26 Nov
Whistleblower Official Journal European Union

Whistleblowing: Directive on the protection of persons who report breaches of Union law

Compliance and whistleblowing. Today has been published the Directive EU 2019/1937 of the European Parliament and of the Council of 23 October 2019 on the protection of persons who report breaches of Union law.

According to the text, Member States shall ensure that legal entities in the private and public sector establish channels and procedures for internal reporting and for follow-up, following consultation and in agreement with the social partners where provided for by national law.

Transposition and transitional period
1. Member States shall bring into force the laws, regulations and administrative provisions necessary to comply with this Directive by 17 December 2021.

2. By way of derogation from paragraph 1, as regards legal entities in the private sector with 50 to 249 workers, Member States shall by 17 December 2023 bring into force the laws, regulations and administrative provisions necessary to comply with the obligation to establish internal reporting channels.

3. When Member States adopt the provisions referred to in paragraphs 1 and 2, those provisions shall contain a reference to this Directive or be accompanied by such a reference on the occasion of their official publication. Member States shall determine how such reference is to be made.

They shall forthwith communicate to the Commission the text of those provisions.

Protection

Reporting persons shall qualify for protection under this Directive provided that:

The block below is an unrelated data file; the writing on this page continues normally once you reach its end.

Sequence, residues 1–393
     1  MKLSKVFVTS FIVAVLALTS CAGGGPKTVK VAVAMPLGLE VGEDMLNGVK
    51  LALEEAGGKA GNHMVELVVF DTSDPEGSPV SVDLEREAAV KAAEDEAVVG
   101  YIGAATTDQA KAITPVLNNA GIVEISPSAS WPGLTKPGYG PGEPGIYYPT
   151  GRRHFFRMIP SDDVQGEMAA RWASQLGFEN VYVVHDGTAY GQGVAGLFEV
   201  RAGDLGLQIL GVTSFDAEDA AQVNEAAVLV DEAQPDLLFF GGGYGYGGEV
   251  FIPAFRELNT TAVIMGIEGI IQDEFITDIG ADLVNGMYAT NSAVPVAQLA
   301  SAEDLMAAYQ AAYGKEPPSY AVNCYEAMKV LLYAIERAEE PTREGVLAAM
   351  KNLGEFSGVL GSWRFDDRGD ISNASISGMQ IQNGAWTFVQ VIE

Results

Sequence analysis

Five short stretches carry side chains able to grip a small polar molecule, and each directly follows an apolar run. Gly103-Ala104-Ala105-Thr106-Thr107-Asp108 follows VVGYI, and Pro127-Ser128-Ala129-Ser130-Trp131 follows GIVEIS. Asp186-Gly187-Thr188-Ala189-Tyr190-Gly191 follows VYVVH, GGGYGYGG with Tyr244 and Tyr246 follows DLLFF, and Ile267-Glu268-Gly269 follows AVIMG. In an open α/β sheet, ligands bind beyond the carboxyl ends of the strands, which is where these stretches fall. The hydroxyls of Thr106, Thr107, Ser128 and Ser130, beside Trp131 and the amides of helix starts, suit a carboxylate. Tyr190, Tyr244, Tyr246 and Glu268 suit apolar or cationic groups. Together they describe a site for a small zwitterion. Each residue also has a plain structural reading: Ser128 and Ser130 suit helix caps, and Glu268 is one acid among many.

-they had reasonable grounds to believe that the information on breaches reported was true at the time of reporting and that such information fell within the scope of this Directive; and

-they reported either internally in accordance with Article 7 or externally in accordance with Article 10, or made a public disclosure in accordance with Article 15.

Without prejudice to existing obligations to provide for anonymous reporting by virtue of Union law, this Directive does not affect the power of Member States to decide whether legal entities in the private or public sector and competent authorities are required to accept and follow up on anonymous reports of breaches.

Persons who reported or publicly disclosed information on breaches anonymously, but who are subsequently identified and suffer retaliation, shall nonetheless qualify for the protection provided for under Chapter VI of the Directive, provided that they meet the conditions laid down in paragraph 1.

Persons reporting to relevant institutions, bodies, offices or agencies of the Union breaches falling within the scope of this Directive shall qualify for protection as laid down in this Directive under the same conditions as persons who report externally.

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